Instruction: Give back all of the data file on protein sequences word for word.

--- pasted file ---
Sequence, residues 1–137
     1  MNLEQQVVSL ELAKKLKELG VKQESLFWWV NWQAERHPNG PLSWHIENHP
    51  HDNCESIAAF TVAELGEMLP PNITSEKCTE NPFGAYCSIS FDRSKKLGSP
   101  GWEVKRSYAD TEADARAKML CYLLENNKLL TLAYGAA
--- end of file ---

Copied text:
Sequence, residues 1–137
     1  MNLEQQVVSL ELAKKLKELG VKQESLFWWV NWQAERHPNG PLSWHIENHP
    51  HDNCESIAAF TVAELGEMLP PNITSEKCTE NPFGAYCSIS FDRSKKLGSP
   101  GWEVKRSYAD TEADARAKML CYLLENNKLL TLAYGAA